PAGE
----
50. Primitive
Since 1980, streetwear has lived, died, and resurrected through three waves. The first collective of brands erupted from Southern California's melting pot of subcultures, and fizzled after distribution exploded, rave fashion entwined with the design sensibilities, and there was a migration to specific core skate or urban attire. So the remaining street brands and connoisseurs focused their attention on Japan and other foreign regions, returning in the late '90s to incite the second wave of streetwear in New York. The Internet sparked the third wave in the 2000s, capitalized upon by the youth who had grown up supporting the culture and wanted to participate themselves. However, by the end of the millennium's first decade, poorly-run business, monotonous design, streetwear's innate cannibalism (and yes, the economy) had all taken its toll on the flooded market.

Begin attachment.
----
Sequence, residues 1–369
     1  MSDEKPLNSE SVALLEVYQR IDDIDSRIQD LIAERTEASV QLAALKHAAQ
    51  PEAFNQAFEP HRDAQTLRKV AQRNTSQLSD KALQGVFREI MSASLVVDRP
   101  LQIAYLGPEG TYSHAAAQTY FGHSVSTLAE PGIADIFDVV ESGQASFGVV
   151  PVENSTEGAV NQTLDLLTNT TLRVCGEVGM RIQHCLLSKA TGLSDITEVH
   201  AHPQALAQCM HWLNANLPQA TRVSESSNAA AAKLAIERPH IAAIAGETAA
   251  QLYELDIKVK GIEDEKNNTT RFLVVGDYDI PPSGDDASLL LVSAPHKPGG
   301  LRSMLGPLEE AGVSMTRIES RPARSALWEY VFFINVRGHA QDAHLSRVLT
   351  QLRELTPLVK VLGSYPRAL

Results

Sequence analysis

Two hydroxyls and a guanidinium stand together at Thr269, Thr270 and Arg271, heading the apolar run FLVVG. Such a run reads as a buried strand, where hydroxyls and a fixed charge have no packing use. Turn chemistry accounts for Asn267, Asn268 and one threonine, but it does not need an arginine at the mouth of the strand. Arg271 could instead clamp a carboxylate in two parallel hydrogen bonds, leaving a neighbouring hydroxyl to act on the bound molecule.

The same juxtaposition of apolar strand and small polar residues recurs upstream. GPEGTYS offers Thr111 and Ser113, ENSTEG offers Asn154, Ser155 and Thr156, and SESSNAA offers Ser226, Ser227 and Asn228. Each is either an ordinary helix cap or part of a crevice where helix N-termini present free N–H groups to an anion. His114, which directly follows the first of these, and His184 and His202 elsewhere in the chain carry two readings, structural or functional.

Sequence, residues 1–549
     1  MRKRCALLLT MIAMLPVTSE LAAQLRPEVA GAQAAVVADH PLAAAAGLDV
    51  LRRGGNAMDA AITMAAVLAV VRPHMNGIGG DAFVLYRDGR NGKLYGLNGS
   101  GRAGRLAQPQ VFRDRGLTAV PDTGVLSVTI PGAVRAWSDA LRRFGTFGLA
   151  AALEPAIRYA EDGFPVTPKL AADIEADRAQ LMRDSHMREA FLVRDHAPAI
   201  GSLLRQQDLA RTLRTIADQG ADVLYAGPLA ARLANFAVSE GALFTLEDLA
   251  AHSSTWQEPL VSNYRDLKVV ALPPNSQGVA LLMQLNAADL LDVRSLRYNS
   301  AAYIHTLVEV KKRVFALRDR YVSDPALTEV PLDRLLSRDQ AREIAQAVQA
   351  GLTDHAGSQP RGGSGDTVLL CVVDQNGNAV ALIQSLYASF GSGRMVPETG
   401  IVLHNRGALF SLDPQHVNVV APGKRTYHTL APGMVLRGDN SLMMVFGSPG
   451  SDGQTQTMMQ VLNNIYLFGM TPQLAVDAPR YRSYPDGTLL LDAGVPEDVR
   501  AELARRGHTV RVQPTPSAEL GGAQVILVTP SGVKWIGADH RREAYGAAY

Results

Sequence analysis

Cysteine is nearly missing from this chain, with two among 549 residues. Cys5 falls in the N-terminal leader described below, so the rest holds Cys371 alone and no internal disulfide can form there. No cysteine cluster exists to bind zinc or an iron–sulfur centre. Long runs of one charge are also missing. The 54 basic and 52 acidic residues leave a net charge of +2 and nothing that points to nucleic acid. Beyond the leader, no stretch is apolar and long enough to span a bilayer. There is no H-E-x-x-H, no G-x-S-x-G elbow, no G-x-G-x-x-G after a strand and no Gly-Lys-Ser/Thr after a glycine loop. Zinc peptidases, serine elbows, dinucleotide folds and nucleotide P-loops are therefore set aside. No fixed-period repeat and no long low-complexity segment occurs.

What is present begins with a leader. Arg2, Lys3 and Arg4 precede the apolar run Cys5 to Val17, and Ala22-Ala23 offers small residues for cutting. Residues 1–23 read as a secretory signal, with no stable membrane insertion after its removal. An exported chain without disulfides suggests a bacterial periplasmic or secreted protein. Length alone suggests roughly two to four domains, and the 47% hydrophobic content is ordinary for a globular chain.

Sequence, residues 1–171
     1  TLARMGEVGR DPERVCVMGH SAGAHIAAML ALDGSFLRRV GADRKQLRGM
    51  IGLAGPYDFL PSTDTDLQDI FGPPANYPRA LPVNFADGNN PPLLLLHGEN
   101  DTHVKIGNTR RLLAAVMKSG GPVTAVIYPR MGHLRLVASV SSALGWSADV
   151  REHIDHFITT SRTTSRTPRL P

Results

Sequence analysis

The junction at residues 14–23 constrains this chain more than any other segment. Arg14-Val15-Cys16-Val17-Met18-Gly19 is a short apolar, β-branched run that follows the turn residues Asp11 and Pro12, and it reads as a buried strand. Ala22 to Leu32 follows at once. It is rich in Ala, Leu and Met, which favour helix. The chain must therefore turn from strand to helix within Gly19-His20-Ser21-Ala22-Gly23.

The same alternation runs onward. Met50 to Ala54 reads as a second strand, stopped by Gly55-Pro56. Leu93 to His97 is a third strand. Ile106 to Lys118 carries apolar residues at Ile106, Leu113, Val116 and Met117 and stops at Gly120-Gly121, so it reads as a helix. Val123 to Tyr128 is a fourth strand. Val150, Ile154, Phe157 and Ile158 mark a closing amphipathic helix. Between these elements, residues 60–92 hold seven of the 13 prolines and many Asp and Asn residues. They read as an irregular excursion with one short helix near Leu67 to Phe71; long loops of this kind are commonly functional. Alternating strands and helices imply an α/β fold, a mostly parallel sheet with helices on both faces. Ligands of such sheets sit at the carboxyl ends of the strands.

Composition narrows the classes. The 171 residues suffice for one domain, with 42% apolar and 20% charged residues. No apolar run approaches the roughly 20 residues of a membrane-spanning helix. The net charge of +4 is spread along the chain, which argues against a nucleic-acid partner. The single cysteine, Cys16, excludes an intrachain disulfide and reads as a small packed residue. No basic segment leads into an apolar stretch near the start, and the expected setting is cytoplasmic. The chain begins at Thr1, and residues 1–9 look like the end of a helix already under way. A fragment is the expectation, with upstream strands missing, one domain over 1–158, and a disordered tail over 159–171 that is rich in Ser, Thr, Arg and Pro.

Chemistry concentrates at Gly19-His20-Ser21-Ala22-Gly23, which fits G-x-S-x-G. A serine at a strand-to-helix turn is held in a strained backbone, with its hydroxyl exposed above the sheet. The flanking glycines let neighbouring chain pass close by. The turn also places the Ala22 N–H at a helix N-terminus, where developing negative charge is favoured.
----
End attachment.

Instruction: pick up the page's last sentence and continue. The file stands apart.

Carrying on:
I think we're nearing a fourth wave of streetwear, buttressed by brands that are past the point of elitism and exclusivity, instead emphasizing branding and community. This next generation is formulating their own postmodern interpretation of street apparel, illustrated by companies like Primitive. The L.A.-based streetwear brand is rooted in their own boutique on Ventura Blvd. With a strong emphasis on sneakers, Primitive is deeply associated with skateboarding, thanks to pro Paul Rodriguez's involvement in the brand. Their graphic T-shirts run the gamut from obvious parody to Cali-centric conceptual art, and their headwear act as neighborhood identifiers, calling out BLVD and VALLEY, or their original logo P. The only reason they're not higher on this list is because they've only just begun. And that's bad news for the other 49.